Family, Money Management, Motivation

Is It Really Possible To Talk With Your Spouse About Finances Without Getting Into An Argument?

Yes. It is entirely possible to talk with your spouse about finances without getting into an argument. My wife and I have never really argued (that much) about money, but that was mainly due to the fact that we never really talked about money money, period. But, as soon as we started thinking about getting out of debt (and getting our financial house in order) I realized, up front, that we needed to have system in place that would prevent us from arguing about money. (I’m a complete nerd. I actually used the word “system”. My wife, who is a normal person, looked at me and burst out laughing. She said, “You are such a dork. Get out of here with your ‘system’.) She’s cool like that. But, I pressed the issue, and created the system anyway. Because I’m cool like that! Over the past three years, we’ve learned to talk to each other about our finances. Of course, I’m using my “system”. My wife? She’s simply having a conversation.

  1. We talk about goals.  I like to focus on short-term goals while she likes to think long-term.  So, when I designed the plan to get out of debt, I focused on the short-term goal of being debt free AND the long-term goal of retiring before we both turn 60.  After seeing where we could be in 30 years, my wife was “on board”.
  2. We talk about our family’s future.  My wife is a super-mom and she is totally pro-kids.  So, whenever we make a financial decision, we always remember to think about the long-term impact that decision might have on our kids’ futures.  It’s SO much easier to save when your goal is “personal” and not simply “financial”.  My wife is not fully-funding an ESA, she’s making sure our daughter can go to a great college.  She’s not maximizing our retirement contributions, she’s thinking about the trips we’ll take when we have retired.  See, I enjoy thinking about the mathematics, the interest rates, the financial possibilities.  I like to think about the money itself.  My wife, on the other hand, likes to think about what the money represents.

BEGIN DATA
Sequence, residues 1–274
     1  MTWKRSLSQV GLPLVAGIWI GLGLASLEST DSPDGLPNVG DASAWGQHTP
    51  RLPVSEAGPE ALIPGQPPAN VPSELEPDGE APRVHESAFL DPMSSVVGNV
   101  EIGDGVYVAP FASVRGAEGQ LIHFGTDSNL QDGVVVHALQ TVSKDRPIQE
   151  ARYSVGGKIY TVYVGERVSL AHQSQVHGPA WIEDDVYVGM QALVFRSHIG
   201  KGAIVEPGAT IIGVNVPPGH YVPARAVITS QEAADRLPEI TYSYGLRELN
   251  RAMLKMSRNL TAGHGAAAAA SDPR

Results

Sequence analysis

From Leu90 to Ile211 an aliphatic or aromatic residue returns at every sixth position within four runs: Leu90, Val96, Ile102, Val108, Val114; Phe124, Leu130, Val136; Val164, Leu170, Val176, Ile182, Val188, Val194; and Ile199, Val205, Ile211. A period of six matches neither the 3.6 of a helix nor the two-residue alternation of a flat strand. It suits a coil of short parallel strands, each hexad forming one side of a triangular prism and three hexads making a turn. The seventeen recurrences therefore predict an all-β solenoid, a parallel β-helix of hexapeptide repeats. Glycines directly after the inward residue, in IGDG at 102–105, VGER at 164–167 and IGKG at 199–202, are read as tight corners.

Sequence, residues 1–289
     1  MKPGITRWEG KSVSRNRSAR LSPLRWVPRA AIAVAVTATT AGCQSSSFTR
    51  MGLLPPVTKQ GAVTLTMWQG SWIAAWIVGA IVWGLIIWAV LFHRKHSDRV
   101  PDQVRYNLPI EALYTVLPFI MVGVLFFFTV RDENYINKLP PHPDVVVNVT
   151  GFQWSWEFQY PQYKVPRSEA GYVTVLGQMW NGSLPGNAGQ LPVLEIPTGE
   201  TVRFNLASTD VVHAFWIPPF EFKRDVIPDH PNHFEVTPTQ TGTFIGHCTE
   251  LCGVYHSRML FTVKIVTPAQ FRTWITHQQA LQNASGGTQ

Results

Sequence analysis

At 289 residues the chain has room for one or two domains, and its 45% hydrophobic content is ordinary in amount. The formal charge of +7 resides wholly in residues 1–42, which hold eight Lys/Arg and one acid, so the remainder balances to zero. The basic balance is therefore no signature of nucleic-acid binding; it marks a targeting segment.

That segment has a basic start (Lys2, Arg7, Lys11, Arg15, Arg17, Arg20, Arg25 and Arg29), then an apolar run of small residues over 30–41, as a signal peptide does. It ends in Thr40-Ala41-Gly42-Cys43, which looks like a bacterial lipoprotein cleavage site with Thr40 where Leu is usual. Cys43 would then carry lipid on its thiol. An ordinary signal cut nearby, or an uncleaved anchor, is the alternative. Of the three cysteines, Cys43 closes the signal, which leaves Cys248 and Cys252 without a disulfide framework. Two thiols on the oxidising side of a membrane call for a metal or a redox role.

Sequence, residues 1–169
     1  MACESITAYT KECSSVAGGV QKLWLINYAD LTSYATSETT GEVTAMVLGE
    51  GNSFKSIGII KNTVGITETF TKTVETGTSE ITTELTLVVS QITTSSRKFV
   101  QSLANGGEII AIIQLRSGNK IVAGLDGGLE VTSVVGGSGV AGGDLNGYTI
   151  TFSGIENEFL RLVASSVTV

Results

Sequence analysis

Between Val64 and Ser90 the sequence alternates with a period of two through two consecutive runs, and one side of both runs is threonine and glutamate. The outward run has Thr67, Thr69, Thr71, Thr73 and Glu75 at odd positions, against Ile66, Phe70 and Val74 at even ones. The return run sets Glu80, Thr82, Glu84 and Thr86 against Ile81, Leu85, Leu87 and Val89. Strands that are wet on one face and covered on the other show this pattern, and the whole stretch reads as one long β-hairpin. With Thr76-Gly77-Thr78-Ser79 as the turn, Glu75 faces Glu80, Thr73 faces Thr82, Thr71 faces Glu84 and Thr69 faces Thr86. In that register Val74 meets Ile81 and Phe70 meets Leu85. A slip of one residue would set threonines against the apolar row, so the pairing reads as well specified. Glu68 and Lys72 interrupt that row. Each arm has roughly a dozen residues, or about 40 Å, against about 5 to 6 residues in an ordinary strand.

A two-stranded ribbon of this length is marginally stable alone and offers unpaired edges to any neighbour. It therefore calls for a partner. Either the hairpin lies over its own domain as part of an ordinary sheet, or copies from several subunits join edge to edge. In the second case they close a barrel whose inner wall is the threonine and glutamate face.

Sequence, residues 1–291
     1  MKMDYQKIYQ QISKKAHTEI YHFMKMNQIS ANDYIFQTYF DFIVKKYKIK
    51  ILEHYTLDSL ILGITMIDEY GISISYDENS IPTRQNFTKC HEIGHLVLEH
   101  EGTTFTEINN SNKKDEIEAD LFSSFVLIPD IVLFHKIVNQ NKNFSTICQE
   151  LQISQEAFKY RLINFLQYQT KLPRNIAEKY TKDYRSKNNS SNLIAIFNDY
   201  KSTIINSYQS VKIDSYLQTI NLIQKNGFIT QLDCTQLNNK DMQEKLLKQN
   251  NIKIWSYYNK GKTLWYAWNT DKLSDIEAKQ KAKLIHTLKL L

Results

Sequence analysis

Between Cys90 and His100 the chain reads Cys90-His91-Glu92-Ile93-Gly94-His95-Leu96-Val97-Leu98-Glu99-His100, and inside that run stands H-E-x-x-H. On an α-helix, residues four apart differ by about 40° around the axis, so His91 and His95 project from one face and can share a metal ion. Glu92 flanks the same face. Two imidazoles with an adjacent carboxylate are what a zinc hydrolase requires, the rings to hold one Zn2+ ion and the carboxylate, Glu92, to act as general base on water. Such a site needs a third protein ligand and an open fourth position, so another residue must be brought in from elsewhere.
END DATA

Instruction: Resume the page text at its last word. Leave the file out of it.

3. I don’t have any money.  My wife doesn’t have any money.  We have money.  For us, marriage is not a ‘trial run’.  We are in this thing for the long haul.  For us, that means that our finances are combined.  Quite literally, what’s hers is mine and what’s mine is hers.  Once that was established, there is no need to compare salaries, benefits, hours worked, jobs around the house, etc.  We are more than a “team”.  We are more than a family.  We are family.  My wife is the most important person in my life and I treat her like a princess.  I think about what I can do to make her life better, easier, more fulfilled, and more enjoyable.  She does the same for me.  I bring my strengths to the table and she brings hers.
  4. My wife trusts me.  Plain and simple, if I make a decision about our finances, my wife trusts me.  Like I said before, my wife focuses on the long-term while I focus on the short-term.  We work together to create our budget, but she trusts me to ‘do what’s best’ for our future.  Frankly, I cannot imagine being married to someone that I didn’t trust.
  5. We only talk about money when it’s time to talk about money.  For us, we talk about money once or twice a month, and that’s it.  Seriously, if I thought that we had to talk about money more than that, I’d feel like I had a poor plan in place.  We create our budget, we get out cash, we pay our bills, and we live.  We do not talk about money on the way to an event, before church, during lunch, or late at night.  We set aside 15 or 20 minutes a month and that’s it.

Talking about money, with anyone, can be difficult.  Talking about money, with your spouse, can be downright frustrating.  My wife and I have learned to “major on the majors and minor on the minors”.  I guess you could say that we put the marriage first, and ourselves second.

One last thing, and maybe this should have been the way to start this post, my wife is really cool about almost everything.  Seriously, I cannot imagine being married to anyone else.  She’ll walk through the room, see me typing a post, and just shake her head, giggling to herself.  But, she’s also proud of me.  I think. 🙂

19 thoughts on “Is It Really Possible To Talk With Your Spouse About Finances Without Getting Into An Argument?

  1. I agree whole heartedly that communication is king. My wife and I discuss finances at least twice a month, and it gages our habits on if we eat out, if we go to the movies, or if we really need that piece of merchandise.

    All five points are excellent building blocks to establishing a well-working communication bridge between partners.

  2. I guess its safe to assume that you do the finances in your family and not your wife. Would you trust her to manage them? I don’t mean in the sense that you trust her not to spend ridiculously, I mean in the sense that you trust her to make good/reasonable financial decisions.